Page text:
Fun and frustration found in updated ‘SF Follies’ 

The 2011 “SF Follies” — version 2.0, if you will — is as fun, and as frustrating, as its predecessor.

The original wacky, irreverent musical revue, which played in a smallish Union Square area theater for a few months in 2009, is back in an updated presentation onstage in the sizable theater at Pier 39.

Many of the same moments of inspired lunacy remain, like the maniacal sea lion and the crazed combination of ubiquitous movie critic Jan Wahl and historic Playland character Laughing Sal.

Creator John Bisceglie has indicated the show isn’t necessarily competing with The City’s higher-rent granddaddy of the genre, “Beach Blanket Babylon,” yet his “Follies” have glittering costumes and famous tunes with lyrics switched out to funny local effect.

Wonderfully, the show’s “hit list” still dares to denigrate San Francisco sacred cows such as the Exploratorium, Coit Tower,  Alcatraz and Father Junipero Serra.

Yet it’s only partly effective in its ambitious undertaking, offering up The City’s long and colorful history via silly song and dance, with an inconsistent pace throughout. Takes on historical eras, from American Indians to the Gold Rush to the 1906 quake, seem perfunctory next to the higher-octane material covering more contemporary times.

Among the effervescent ensemble, Brett Hammon again stands out as a slick Gavin Newsom, singing an altered version “Popular” from “Wicked,” in an easy update that reflects his current lieutenant governor status. Unsurprisingly, Mayor Ed Lee gets one throwaway line to the effect: “Who’s he?”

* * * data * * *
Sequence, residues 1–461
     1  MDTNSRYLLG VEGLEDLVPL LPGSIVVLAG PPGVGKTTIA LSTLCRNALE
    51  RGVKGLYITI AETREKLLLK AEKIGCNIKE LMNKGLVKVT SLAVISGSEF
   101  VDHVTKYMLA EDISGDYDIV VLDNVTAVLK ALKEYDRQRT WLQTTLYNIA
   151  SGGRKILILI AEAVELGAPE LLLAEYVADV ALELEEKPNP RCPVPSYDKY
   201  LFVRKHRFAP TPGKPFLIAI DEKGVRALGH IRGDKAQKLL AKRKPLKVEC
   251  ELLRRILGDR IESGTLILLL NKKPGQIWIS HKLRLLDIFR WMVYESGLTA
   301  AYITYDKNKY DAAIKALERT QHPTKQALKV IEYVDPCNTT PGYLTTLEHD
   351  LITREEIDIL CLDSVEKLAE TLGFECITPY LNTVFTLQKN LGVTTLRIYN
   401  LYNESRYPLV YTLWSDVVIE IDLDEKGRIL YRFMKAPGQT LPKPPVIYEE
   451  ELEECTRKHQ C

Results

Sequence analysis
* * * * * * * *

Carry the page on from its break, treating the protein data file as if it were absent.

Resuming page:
The best new number with the lyrics “Tax that cannabis” features Tom Ammiano pushing legalizing marijuana and one of the show’s more hilarious props — a retail display of baggies of Kirkland brand pot.

As before, the show’s best moments feature Midwesterners new in town attempting to buy a house, navigating neighborhoods and crazy real estate prices.

Still, there are some big misses.

The depictions of Dianne Feinstein, Barbara Boxer and Nancy Pelosi coming to power in politics falls flat. Feinstein wears a big caftan, while her cohorts have huge, teased hair, wear skimpy hot pants and dance to 1980s music — it simply doesn’t make sense.

A too-long interlude about Harvey Milk also doesn’t work in that it’s a loving tribute to, rather than fun takedown of, the groundbreaking gay leader.

A slightly expanded “Summer of Love” sequence doesn’t go far enough, and the same is the case for material covering the currently newsworthy Giants. One gets the feeling that Bisceglie is more of a musical theater than baseball fan — a bit about the Shorenstein Hays’ Best of Broadway series seemingly runs longer than one about The City’s juicy world champions, with just a minimal Brian Wilson beard joke and mention of steroids.

lkatz@sfexaminer.com

THEATER REVIEW

SF Follies


Where: Theatre 39, Pier 39, Beach Street and the Embarcadero, San Francisco

When: 8 p.m. Saturdays, 2 p.m. Sundays; closes June 5

Tickets: $35

Contact: (800) 838-3006, www.sffollies.com

About The Author

Leslie Katz

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